Can an employer discipline an employee for a Facebook "Like"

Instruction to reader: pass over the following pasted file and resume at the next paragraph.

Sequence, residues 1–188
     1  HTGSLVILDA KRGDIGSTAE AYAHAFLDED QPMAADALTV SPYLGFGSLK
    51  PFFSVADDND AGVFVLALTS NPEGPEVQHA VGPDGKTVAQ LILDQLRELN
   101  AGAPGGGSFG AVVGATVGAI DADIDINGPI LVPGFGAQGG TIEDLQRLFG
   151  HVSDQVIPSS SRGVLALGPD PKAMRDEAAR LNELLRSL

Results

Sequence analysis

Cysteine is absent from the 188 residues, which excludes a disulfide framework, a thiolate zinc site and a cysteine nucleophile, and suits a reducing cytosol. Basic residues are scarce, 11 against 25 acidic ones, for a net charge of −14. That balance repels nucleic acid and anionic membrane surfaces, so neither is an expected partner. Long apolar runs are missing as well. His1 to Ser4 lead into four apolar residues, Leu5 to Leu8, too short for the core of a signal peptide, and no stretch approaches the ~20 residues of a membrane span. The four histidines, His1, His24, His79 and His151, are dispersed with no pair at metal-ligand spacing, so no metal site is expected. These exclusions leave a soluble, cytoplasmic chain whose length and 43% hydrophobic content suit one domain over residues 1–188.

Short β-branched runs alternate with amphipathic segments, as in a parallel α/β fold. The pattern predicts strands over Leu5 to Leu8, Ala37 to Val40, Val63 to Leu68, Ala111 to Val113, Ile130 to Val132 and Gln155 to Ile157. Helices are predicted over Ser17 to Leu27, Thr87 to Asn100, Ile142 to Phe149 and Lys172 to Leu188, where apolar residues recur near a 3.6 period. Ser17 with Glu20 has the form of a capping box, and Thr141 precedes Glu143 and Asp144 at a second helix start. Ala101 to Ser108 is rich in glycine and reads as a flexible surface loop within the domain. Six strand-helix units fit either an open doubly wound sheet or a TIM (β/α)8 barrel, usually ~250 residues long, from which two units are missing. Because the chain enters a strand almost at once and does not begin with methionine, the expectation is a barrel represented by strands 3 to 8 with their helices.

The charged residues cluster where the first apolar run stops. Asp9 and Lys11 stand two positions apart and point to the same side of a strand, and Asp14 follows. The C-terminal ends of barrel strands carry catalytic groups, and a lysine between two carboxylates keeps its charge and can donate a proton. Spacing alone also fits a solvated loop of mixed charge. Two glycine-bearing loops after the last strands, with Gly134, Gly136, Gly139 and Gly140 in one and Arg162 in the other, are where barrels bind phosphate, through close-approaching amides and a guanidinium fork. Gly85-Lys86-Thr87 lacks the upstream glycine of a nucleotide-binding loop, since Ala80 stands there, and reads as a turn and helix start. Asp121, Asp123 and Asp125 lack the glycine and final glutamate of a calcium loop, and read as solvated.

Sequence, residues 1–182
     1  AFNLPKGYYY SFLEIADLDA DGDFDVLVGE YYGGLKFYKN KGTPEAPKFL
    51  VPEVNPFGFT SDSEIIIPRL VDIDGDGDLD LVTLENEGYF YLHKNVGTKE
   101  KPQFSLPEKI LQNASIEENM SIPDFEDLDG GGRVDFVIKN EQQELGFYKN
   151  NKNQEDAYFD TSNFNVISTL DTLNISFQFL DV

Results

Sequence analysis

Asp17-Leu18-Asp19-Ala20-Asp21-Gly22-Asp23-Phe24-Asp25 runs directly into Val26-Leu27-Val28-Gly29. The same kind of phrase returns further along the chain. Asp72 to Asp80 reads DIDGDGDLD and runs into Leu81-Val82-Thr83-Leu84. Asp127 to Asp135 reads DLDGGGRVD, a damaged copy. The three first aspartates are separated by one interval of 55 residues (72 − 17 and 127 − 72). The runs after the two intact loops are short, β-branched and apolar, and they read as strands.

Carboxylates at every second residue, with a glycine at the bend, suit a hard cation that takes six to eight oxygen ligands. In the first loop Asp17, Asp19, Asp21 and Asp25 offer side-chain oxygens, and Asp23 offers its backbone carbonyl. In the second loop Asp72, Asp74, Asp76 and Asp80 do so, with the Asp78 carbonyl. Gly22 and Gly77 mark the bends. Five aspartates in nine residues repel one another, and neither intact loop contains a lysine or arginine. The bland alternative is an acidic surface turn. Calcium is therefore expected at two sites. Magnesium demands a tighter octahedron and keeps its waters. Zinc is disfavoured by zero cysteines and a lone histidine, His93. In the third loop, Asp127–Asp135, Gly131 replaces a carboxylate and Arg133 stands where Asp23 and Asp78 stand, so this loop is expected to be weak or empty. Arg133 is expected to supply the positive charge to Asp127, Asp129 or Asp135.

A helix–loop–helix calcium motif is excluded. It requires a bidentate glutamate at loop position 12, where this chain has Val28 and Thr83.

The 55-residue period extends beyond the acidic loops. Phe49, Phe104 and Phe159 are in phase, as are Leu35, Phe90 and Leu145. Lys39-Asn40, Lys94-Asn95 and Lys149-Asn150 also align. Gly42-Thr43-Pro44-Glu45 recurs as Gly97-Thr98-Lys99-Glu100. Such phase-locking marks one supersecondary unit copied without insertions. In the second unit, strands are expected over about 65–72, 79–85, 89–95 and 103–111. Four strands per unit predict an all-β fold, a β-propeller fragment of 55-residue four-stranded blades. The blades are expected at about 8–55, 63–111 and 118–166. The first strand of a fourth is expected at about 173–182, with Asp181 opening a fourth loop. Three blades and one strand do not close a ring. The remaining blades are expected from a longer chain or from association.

A recent case in the Fourth U.S. Circuit Court of Appeals determined that yes, a “like” counts as protected free speech, and in Connecticut, workers cannot be disciplined for exercising their free speech rights. Connecticut General Statutes Section 31-51q, reproduced below, explicitly prohibits an employer from disciplining or firing an employee for exercising his or her First Amendment rights (so long as such exercise does not materially harm the employer). For example, you may not fire or discipline an employee for writing a letter to the editor criticizing a political position you favor. In the specific case above, since the court determined that a Facebook “like” is, for constitutional purposes, indistinguishable from the letter to the editor, C.G.S. Section 31-51q would protect the employee. C.G.S. Section 31-51q. Liability of employer for discipline or discharge of employee on account of employee’s exercise of certain constitutional rights. Any employer, including the state and any instrumentality or political subdivision thereof, who subjects any employee to discipline or discharge on account of the exercise by such employee of rights guaranteed by the First Amendment to the United States Constitution or Section 3, 4 or 14 of article first of the Constitution of the state, provided such activity does not substantially or materially interfere with the employee’s bona fide job performance or the working relationship between the employee and the employer, shall be liable to such employee for damages caused by such discipline or discharge, including punitive damages and for reasonable attorney’s fees as part of the costs of any such action for damages. If the court determines that such action for damages was brought without substantial justification, the court may award costs and reasonable attorney’s fees to the employer.